The painting in the Golden House is special in so far as it appears to show a combination of hellenistic-style parade dress and, perhaps, field dress (lorica segmentata), but this outfit clearly was not actual field dress as can be glanced from what Tacitus tells about the battle near Cremona (AD 69) where, apparently, legionaries and Praetorians wore the same armour and were distinguishable only by their shield devices.
The Cancellaria praetorians, led by what appears to be a beneficiarius, are wearing neither parade nor battle dress, but some sort of everyday service dress. Again it's basically the same as that worn by legionaries (tunica, focale, paenula). If some manufacturer decided to make a set of Roman soldiers dressed like this I'd certainly not mind. Useful for both legionaries and praetorians in everyday service uniform.
As for Roman heavy cavalry units I'd say yes, the first appear to have been raised under Hadrian.

Best regards

problem solved: no more need for praetorians!

I would delete now my option1 from the suggestions to Strelets, as I see no more need for praetorians. Alanger is making them. Equipped for battle, with crests and specific shields. Signifer with lionskin.
They seem fine to me, as this is the most probable way they looked on the battlefield.

Re: problem solved: no more need for praetorians!

Strelets could make them in other poses. We still lack sets of Romans who are standing on Parade ground etc.

"The Civil War" by Julius Caesar

One only has to read "The Civil War" by Julius Caesar to get an idea for possible future sets by Strelets.

With the tradition of ongoing struggles within the forces of Rome, you could literally pick which time frame and rival leaders to choose from.

With a thousand years of history, the possibilities are definately endless.

Fighting in the east

Hi guys,

what would you think about a Palmyran army and a corps of Roman Dromedaries?

When I thought about Strelets Minisets I had more the later Imperial fighting guys in mind which are around 150-200 AD than the marching ones.

Most of the wars of this time were fought against the German tribes and in the east.

Of course earlier wars of Rome are still be very interesting. What about the sack of Rome 357 BC when we have Roman hoplites fighting the Celts or a civil war army with Caesar troops against the Augustians (which we can destroy in the Teutoburg forest).

But the main question was what enemies could be done to fight the new Miniset guys. So I have still the Jews and Germans in mind. Maybe another set of Parthians to have more poses beside HAT's excellent set?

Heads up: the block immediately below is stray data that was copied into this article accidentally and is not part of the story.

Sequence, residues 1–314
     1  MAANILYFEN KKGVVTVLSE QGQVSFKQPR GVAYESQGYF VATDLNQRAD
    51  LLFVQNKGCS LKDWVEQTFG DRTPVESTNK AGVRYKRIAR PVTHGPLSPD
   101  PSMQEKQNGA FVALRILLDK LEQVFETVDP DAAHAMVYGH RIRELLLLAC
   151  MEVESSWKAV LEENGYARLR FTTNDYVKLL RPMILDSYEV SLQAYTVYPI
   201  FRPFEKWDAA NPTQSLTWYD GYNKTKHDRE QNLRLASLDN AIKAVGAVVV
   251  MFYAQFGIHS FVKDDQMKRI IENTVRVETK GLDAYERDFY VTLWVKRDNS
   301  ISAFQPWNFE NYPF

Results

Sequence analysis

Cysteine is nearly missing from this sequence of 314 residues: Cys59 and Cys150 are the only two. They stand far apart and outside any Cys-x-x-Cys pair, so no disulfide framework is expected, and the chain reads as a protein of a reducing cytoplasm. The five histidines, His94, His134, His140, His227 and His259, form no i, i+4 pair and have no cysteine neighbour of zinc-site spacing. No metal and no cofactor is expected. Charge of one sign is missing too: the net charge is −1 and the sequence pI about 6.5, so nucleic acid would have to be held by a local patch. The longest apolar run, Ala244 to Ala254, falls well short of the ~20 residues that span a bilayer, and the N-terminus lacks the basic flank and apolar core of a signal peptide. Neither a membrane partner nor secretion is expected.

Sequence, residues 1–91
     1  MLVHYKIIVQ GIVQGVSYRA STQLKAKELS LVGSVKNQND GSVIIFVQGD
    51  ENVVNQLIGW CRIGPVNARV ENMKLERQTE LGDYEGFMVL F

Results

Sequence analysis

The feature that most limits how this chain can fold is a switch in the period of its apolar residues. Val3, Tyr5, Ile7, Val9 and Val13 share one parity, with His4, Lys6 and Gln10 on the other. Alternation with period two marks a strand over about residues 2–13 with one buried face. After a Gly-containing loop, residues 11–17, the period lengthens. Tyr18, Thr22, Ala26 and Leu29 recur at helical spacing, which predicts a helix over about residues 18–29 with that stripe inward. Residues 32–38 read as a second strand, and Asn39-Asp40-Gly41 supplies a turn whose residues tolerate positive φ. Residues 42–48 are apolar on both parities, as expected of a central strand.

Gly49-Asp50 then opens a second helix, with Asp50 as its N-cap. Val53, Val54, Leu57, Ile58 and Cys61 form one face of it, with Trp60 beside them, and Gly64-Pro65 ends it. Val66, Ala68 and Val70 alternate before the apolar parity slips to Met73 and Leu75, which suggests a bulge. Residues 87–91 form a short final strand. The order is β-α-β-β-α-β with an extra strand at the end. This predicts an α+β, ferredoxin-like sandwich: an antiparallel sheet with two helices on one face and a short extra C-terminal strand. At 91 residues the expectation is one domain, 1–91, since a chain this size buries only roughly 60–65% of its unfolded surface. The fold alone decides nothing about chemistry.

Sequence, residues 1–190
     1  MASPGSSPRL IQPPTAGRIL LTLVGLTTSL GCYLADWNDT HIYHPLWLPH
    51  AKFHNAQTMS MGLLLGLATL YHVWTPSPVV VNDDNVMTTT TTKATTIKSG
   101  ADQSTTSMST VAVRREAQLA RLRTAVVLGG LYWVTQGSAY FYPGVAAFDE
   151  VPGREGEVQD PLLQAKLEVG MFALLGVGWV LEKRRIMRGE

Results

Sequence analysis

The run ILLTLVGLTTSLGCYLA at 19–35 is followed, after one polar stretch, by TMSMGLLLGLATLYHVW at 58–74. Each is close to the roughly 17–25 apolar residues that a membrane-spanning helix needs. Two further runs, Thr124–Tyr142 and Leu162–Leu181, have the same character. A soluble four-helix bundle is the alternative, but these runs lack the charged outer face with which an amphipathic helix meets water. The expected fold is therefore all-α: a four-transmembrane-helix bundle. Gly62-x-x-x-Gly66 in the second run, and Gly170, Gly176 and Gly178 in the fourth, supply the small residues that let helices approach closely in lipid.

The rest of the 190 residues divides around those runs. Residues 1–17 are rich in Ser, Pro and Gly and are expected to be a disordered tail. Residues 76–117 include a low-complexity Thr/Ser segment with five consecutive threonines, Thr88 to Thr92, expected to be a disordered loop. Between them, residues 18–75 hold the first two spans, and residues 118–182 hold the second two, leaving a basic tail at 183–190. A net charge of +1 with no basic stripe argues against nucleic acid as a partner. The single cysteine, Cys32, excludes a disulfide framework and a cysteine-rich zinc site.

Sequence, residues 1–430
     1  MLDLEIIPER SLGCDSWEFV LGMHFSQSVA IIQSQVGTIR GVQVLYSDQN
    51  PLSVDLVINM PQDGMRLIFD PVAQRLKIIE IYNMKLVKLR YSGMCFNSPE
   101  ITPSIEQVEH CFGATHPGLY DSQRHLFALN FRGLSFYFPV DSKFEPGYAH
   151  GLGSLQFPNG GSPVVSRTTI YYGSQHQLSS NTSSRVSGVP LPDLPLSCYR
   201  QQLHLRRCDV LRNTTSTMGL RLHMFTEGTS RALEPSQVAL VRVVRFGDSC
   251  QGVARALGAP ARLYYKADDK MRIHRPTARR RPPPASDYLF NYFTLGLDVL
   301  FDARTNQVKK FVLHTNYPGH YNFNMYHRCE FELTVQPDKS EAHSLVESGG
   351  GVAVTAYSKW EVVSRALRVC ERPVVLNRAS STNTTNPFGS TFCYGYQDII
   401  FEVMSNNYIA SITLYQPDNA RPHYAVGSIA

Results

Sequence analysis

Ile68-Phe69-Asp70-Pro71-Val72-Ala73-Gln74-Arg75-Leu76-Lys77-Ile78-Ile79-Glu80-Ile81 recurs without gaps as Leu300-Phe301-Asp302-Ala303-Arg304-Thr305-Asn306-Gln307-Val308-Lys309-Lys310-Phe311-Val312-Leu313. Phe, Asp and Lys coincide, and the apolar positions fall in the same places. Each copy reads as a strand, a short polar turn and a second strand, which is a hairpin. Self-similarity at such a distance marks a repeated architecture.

cheers
uwe

Re: Fighting in the east

More Parthians would be nice, especially as I don't subscribe to your view that the HaT Parthians are "excellent" (No, I'm not In Dubio ). My absolutely personal assessment of HaT's Parthians (friendly version): (Golden)

Cheers

Re: Re: Fighting in the east

There can never be enough Parthians and Sassanids on the market

cheers
uwe

Re: Your advise is required

The army of Mithridates, King of Pontus if the roman set would suit the time of around 88BC. the roman war against Pontus held hugh importance for the romans, as it carried their empire into asia. Pompeys roman army against Mithridates greek/asian army what more could one ask for?

Re: Re: Your advise is required

The only late-republican set proper for a fight with Mithridates is Italeri 1st century BC. Few poses, gladius scabbard on the right on one pose.
So many roman sets, and only one caesarian

Re: Re: Re: Your advise is required

Sorry, I wanted to say "gladius scabbard on the LEFT (and that is wrong) on one legionary pose"

Parthians

My vote would be for the Parthians and Isrealites, as
quality sets of the Gauls and Germans have already been made. A civilian set like the medievil england set would be good and why not yet another set of gladiators.

Re: Your advise is required

Why not all of the suggestions so far, slowly but surely over the next few years produce all of Romes's enemies ancients like Napoleonics are always popular. Most collectors, wargamers, painters, love this era, and the figures I believe would be big sellers. I know that looking at the posts on this thread that I would buy most if not all of the figures suggested if they were to be produced.

Re: Your advise is required

Coming from colchester, a set showing Boudica and her army would be brilliant.